Far­rell and Reilly fol­low dull bro­mance rou­tine in ‘Holmes & Wat­son’

Cast: Will Fer­rell, John C. Reilly, Ralph Fi­ennes Di­rec­tor: Etan Co­hen 89 min­utes Rated PG-13 (crude sex­ual ma­te­rial, some vi­o­lence, lan­guage and drug ref­er­ences)

The Tribune (SLO) - - Ticket - BY BEN KENIGSBERG

In Arthur Co­nan Doyle’s orig­i­nal telling, Sher­lock Holmes in­dulged in mor­phine and co­caine be­cause the drugs of­fered him a break from “the dull rou­tine of ex­is­tence.” His mind, Dr. Wat­son re­calls him say­ing in “The Sign of Four” (1890), re­belled at “stag­na­tion.” Prob­lems, work and cryp­to­grams: Their in­spi­ra­tion would per­mit him to dis­pense with “ar­ti­fi­cial stim­u­lants.”

More laughs are all that would have been nec­es­sary to pre­vent the stag­na­tion of “Holmes & Wat­son”; as the movie stands, smug­gling in booze to dis­pel the sense of dull rou­tine could only help. Sony sneaked this par­ody into the­aters on Christ­mas with­out screen­ings for crit­ics, nor­mally ev­i­dence that the film in ques­tion is less than the work of a mas­ter­mind.

Still, a view­ing of the movie doesn’t quite solve the mys­tery of why the dis­trib­u­tor deep-sixed the lat­est chap­ter in an en­dur­ing part­ner­ship – not of Holmes and Wat­son, but of Will Fer­rell and John C. Reilly. True, the al­most Dadaist, ap­par­ently im­pro­vi­sa­tional ban­ter they brought to “Tal­ladega Nights: The Bal­lad of Ricky Bobby” and “Step Broth­ers” has been tem­pered this time by famil- iar­ity, the con­straints of the pe­riod set­ting and the need for the movie to fol­low the con­tours of a lack­lus­ter who­dunit.

But there is still in­ter­mit­tent joy to be found in their au­tum­nal bro­mance, which reaches apoth­e­o­sis here in a late­break­ing mu­si­cal duet from the show-tune veter­ans Alan Menken and Glenn Slater.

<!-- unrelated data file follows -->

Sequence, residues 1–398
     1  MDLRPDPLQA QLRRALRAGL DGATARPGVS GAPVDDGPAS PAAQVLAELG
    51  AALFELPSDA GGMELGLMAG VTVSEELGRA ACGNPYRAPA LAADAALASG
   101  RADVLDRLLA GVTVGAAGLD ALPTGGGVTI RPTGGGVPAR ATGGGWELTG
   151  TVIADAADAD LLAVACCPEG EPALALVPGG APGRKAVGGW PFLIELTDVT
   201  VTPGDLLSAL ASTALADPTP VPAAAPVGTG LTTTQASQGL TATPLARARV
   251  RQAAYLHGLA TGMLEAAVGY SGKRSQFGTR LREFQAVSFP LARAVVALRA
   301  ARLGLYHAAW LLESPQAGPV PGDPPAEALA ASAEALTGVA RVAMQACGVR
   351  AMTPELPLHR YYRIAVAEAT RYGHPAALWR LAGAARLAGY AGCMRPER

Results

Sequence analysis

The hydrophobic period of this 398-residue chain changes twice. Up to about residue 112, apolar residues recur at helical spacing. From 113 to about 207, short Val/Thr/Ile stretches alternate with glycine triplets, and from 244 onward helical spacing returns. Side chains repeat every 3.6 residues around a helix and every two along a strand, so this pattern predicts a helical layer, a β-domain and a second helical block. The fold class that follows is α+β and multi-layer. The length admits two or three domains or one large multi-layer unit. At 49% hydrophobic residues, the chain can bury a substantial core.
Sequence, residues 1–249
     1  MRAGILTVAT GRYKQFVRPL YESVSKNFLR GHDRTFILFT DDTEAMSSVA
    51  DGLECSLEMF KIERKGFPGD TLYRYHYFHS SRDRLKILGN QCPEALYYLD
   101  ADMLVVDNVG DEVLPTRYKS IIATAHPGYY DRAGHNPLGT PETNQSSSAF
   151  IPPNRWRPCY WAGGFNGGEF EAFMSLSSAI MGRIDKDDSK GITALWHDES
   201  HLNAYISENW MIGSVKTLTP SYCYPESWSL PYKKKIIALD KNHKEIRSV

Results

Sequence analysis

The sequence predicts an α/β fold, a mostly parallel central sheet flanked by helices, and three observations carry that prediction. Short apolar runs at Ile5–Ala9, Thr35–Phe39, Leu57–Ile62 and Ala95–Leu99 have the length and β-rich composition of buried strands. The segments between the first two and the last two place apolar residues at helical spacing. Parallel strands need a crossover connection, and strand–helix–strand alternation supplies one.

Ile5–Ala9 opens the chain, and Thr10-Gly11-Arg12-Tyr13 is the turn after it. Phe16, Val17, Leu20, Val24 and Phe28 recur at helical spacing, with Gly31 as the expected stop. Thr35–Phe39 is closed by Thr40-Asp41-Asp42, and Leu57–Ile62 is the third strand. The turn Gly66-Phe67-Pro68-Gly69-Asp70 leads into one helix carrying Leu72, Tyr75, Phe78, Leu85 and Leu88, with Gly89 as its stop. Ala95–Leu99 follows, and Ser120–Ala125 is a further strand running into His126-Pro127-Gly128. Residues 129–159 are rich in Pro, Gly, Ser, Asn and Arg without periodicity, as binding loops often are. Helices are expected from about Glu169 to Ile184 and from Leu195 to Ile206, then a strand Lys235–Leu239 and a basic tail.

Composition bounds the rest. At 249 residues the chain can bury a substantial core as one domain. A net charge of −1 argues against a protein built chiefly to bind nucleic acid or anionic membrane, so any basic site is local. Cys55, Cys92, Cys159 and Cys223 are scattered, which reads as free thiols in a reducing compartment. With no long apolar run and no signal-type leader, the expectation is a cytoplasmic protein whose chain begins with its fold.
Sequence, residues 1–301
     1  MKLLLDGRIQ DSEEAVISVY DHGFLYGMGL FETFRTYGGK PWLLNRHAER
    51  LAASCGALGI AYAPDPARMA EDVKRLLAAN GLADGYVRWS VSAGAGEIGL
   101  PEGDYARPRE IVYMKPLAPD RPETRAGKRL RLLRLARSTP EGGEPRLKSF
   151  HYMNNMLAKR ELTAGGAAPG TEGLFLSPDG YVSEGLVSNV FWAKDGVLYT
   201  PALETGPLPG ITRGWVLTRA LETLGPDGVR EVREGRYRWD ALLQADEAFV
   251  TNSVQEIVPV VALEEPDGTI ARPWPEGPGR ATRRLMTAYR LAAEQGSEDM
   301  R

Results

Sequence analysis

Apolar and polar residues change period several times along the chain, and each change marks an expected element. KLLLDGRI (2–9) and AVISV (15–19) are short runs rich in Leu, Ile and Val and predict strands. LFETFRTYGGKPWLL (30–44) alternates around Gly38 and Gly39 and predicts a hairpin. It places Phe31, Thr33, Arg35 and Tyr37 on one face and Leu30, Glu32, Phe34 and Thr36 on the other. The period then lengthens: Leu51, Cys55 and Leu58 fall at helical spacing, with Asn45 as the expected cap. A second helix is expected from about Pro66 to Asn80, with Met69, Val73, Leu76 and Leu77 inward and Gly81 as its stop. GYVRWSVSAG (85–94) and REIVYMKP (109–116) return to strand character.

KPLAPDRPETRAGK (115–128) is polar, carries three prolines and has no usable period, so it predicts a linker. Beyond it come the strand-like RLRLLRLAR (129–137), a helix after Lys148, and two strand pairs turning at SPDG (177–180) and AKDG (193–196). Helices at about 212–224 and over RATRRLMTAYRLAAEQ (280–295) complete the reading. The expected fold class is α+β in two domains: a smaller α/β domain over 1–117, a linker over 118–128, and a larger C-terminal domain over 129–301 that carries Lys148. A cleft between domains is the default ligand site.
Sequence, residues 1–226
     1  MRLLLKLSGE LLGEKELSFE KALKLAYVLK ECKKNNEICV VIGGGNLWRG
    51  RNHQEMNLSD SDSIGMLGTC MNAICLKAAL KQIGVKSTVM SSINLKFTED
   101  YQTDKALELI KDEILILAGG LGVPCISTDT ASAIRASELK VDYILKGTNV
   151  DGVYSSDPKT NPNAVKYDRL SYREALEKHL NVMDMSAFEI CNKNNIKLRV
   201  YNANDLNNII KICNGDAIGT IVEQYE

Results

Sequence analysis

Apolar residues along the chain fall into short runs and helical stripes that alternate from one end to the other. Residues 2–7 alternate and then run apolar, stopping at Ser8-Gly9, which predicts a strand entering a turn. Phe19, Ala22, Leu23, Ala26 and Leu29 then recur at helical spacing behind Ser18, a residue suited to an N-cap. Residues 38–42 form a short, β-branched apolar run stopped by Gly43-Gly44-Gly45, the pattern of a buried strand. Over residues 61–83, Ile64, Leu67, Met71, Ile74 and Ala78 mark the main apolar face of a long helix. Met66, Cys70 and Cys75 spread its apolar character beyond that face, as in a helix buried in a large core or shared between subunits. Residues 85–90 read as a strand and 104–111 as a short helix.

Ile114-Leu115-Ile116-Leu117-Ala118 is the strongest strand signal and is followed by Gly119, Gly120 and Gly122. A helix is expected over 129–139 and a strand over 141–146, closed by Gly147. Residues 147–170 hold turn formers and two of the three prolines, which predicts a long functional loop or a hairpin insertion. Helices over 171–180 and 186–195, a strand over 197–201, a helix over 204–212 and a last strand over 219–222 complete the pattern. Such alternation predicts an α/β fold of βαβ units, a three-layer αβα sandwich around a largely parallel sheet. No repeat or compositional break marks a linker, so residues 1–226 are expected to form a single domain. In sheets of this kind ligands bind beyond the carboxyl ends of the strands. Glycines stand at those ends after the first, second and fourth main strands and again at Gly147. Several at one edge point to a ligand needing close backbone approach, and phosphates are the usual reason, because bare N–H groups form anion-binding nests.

In this ver­sion of the story, writ­ten and di­rected by Etan Co­hen (who di­rected the much-worse “Get Hard”), Holmes (Fer­rell) and Wat­son (Reilly) are said to have met as school­boys after a young Holmes used his pow­ers of de­duc­tion to get their bul­ly­ing class­mates ex­pelled.

The re­la­tion­ship has grown so close that Holmes can pre­dict Wat­son’s moves at rock, paper, scis­sors and Bat­tle­ship with­out a game be­ing played. They bond over the du­bi­ous wis­dom of send­ing drunk tele­grams and the dif­fi­culty of find-- ing Holmes the proper hat. A “Make Eng­land Great Again” fez is among the re­jects.

Anachro­nisms give the movie its most ob­vi­ous yet most ef­fec­tive tar­gets – tar­gets hit more pal­pa­bly by the Brit play­ing an Amer­i­can than the Amer­i­cans play­ing Brits. Re­becca Hall turns up as Grace Hart, a doc­tor vis­it­ing from Bos­ton who through­out the movie rat­tles off signs of progress in the United States, from the gen­der pay gap (not ter- ri­ble for the time!) to the right to a trial by a “jury of white prop­erty-own­ing men.”

One of the bet­ter bits brings her and a smit­ten Wat­son to­gether to per­form an au­topsy, which turns into a re-en­act­ment of a fa­mous scene from “Ghost” with a cake-cov­ered corpse in­stead of pot­tery. Lau­ren Lap­kus, as Grace’s mute as­sis­tant, who is said to have been reared by cats, raises a few smiles as well, mostly with­out say­ing a word.

Com­pa­ra­bly, the men’s spar­ring, to say noth­ing of the “Week­end at Bernie’s” rou­tine they pull with the queen (Pam Fer­ris), looks more tired than usual, and the film­mak­ers haven’t re­motely fig­ured out how to use Ralph Fi­ennes – as ei­ther Holmes’ neme­sis Mo­ri­arty or a look-alike patsy – who ap­pears so in­fre­quently that he could just as well have been left on the cut­ting-room floor. In this con­text, it’s not re­ally a case worth crack­ing.

GILES KEYTE Co­lum­bia Pic­tures

John C. Reilly, left, and Will Fer­rell star in “Holmes & Wat­son.”

Newspapers in English

Newspapers from USA

© PressReader. All rights reserved.